The Western Airborne Contaminants Assessment Project (WACAP) was conducted from 2002-2007 to determine the risk from airborne contaminants in western national parks. It was designed as a screening study at a broad spatial and temporal scale.
fish lake sediment lichens conifer needles snow water air
Focus was on semi-volatile organic compounds and heavy metals: Historic use pesticides Current use pesticides Industrial/urban use compounds Combustion byproducts Mercury
Airborne contaminants were found in all WACAP parks. Levels of mercury and other contaminants in some fish samples exceeded wildlife and human health thresholds.
The National Park Service sponsored three regional interagency workshops to explore ways to continue to address air toxins in national parks and other protected areas. Pacific Northwest (PNW) workshop: 10 U.S. and Canadian university, state and federal organizations represented. Attendees divided into three breakout groups to identify and prioritize data needs. All three breakout groups determined the top priority was establishment of an interagency contaminants workgroup focused on issues in the PNW.
The Workgroup formed in 2011 and meets every other month via conference call. Workgroup objectives: Develop a data clearinghouse and a forum to facilitate collaboration and coordination of contaminant monitoring and research activities in the region. Prioritize contaminant-related research and monitoring needs in the PNW, collaborate on funding, and conduct monitoring and research projects. Coordinate outreach efforts and products related to contaminants issues in the region.
Developed a website that improves access to data. Collaborative efforts have resulted in sharing of archived samples and data as well as low cost/no cost sample analyses at agency laboratories. Greatest benefit has been improved understanding and building of relationships among agencies.
Map of Federal/Tribal lands and air pollution sources in the PNW (produced by NPS 2014). Triangles indicate point sources greater than 100 tons/year of nitrogen oxides.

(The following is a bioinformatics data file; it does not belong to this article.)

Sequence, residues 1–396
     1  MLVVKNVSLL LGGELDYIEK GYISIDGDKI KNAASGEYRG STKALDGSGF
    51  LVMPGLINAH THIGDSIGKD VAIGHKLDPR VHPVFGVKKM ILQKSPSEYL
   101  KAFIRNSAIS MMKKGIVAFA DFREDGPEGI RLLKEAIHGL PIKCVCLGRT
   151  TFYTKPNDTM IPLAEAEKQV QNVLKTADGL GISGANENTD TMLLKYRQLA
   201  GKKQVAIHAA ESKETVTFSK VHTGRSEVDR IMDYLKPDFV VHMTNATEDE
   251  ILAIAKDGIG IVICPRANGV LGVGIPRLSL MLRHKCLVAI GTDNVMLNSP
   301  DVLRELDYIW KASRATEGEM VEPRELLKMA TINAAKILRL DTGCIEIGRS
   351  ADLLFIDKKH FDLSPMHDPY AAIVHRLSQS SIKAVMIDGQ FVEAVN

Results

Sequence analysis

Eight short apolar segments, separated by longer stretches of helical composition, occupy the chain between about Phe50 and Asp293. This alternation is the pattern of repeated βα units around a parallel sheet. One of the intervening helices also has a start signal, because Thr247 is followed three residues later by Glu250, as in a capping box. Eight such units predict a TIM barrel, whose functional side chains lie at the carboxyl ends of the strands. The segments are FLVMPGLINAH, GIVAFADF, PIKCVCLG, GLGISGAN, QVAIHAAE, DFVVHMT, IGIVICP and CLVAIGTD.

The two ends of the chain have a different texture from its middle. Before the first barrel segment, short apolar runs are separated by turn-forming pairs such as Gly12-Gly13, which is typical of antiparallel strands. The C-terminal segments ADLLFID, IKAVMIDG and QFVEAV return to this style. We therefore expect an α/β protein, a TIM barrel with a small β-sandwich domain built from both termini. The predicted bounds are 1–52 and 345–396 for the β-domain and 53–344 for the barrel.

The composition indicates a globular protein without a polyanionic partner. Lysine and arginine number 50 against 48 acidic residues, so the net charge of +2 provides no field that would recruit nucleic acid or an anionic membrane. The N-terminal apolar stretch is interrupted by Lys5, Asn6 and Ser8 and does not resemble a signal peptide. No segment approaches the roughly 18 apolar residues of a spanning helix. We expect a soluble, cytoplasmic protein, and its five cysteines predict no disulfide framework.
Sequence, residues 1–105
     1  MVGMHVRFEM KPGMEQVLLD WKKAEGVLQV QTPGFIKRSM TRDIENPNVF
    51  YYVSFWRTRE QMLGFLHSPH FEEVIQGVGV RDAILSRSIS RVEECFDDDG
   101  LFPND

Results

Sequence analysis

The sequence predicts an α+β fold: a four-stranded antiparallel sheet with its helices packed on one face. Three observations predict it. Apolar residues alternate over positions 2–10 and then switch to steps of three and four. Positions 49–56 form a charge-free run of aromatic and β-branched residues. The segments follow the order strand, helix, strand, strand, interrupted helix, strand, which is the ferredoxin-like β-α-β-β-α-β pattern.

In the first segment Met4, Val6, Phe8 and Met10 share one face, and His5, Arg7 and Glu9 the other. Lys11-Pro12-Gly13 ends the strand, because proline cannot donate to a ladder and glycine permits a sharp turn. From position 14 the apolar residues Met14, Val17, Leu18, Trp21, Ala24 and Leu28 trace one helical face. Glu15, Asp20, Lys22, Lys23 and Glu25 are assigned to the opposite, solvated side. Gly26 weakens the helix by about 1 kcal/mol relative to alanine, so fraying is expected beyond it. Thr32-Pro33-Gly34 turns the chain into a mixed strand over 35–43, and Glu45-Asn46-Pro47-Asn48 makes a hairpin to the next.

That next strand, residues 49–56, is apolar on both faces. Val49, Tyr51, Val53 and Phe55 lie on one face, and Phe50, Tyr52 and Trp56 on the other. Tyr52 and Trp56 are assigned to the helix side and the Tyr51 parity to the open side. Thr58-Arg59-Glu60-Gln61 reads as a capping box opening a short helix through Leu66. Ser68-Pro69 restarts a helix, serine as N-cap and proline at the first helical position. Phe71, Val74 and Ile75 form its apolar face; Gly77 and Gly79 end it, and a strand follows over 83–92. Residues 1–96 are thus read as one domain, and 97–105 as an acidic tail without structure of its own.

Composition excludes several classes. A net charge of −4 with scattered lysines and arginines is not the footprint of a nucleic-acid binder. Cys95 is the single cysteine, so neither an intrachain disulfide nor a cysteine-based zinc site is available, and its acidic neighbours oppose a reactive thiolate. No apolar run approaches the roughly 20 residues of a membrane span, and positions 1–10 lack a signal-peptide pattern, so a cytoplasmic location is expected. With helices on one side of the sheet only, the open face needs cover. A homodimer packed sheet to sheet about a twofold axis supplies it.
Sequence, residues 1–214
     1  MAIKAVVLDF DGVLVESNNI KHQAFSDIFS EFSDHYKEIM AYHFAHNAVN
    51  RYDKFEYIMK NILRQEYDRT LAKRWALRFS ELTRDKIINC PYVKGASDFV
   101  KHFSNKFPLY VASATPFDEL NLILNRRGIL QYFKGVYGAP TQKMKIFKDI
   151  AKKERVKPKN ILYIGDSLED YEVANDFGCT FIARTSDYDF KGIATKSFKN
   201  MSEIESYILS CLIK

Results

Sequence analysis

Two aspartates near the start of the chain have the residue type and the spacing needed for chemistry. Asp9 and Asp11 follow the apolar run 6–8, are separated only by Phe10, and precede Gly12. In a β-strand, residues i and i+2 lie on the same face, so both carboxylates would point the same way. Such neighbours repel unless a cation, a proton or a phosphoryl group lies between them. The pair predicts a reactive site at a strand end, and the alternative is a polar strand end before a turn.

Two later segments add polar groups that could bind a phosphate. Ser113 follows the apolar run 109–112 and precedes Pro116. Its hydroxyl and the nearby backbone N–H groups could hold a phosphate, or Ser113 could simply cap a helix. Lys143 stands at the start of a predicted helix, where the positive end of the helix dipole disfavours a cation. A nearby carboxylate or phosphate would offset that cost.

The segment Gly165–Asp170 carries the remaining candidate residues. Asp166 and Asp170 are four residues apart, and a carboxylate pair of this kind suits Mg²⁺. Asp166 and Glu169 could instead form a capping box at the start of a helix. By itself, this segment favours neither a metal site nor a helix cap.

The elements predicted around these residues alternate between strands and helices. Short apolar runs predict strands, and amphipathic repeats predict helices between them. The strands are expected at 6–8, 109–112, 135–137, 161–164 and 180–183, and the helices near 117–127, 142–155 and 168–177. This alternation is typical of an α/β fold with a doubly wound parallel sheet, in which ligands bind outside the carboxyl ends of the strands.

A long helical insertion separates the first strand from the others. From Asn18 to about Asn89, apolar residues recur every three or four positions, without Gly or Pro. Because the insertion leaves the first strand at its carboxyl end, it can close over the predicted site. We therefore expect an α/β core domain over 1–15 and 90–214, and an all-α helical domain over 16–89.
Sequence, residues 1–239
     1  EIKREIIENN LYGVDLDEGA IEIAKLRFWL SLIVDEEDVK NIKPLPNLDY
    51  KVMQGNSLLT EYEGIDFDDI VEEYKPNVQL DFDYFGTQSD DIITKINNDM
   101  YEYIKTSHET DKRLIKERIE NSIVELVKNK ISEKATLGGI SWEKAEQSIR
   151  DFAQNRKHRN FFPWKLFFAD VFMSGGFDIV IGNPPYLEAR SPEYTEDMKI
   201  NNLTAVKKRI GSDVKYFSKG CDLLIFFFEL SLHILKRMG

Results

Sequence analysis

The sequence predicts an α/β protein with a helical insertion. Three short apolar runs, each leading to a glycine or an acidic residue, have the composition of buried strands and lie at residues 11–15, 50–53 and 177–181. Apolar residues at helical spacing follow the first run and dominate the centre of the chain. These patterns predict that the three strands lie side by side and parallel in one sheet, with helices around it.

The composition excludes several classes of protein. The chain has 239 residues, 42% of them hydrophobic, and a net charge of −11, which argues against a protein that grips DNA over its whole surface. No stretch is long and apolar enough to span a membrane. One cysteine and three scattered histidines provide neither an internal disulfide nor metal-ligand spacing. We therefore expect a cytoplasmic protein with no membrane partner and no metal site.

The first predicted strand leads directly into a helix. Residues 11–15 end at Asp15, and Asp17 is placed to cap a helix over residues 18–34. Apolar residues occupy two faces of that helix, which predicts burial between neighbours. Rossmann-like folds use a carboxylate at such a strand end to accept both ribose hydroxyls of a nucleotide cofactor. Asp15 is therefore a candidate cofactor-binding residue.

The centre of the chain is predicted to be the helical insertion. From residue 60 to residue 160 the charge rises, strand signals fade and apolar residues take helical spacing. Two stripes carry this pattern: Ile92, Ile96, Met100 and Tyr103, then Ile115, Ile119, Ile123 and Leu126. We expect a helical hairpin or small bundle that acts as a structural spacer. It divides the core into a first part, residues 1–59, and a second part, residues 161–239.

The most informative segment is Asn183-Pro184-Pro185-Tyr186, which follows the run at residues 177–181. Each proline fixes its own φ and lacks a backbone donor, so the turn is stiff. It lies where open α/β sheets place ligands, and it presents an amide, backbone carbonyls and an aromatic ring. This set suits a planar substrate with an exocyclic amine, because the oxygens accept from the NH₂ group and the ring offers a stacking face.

Nitrogen (N) is a pollutant of particular interest in the PNW because: While sulfur is the pollutant of most concern in the eastern U.S., there are many more sources of N than of sulfur in the west We are concerned about both nutrient enrichment and acidification. Effects can include: Changes in soil and water chemistry Increase in invasive species Decline in native species health, longevity and biodiversity Negative effects on recreational We have resources with known or suspected sensitivity to N including high elevation lakes, alpine and sub-alpine soils and vegetation, desert grasses and lichens.
A critical load is based on studies or modeling and is the amount of pollution below which harmful environmental effects are not expected to occur. A target load identifies an acceptable amount of pollution and is based on policy, economic, temporal or other considerations. A target load may be higher or lower than a critical load.
Potential adverse effects from atmospheric N deposition in the PNW (produced by USFS, 2013).
Potential adverse effects from atmospheric N deposition in the PNW (produced by USFS, 2013). Target Load? Critical Load
Potential adverse effects from atmospheric N deposition in the PNW (produced by USFS, 2013). Target Load? Critical Load Target Load?
The National Park Service, U.S. Forest Service and U.S. Geological Survey are developing an approach to identify and use N critical loads and target loads to protect resources in the PNW. Ideally, critical loads will be developed for several biological resources and ecological endpoints. First step is publication of a report that: Summarizes available information about critical loads in the PNW Identifies current research efforts and prioritizes data needs Data needs are prioritized regionwide and for each Level 1 ecoregion
From the Commission for Environmental Cooperation, 1997
Regionwide Improve accuracy of N deposition estimates Explore interactions of N deposition and climate change Determine N sensitivity of biological soil crusts Marine West Coast Forests and Northwestern Forested Mountains Ecoregions Improve understanding of the sensitivity of high-elevation lakes and streams to N deposition Determine the influence of natural lake, stream and soil N levels on critical loads North American Deserts Ecoregion Determine N sensitivity of several native and invasive plant species
Encourage and support N critical loads research. Develop a common rationale for determining N target loads. Develop maps showing areas that exceed N critical loads and/or target loads. Solicit input from U.S EPA, state air quality agencies and other stakeholders. Implement use of N critical loads and target loads through agency planning and policy mechanisms. Work with stakeholders to identify sources that contribute to N exceedances and achieve emission reductions.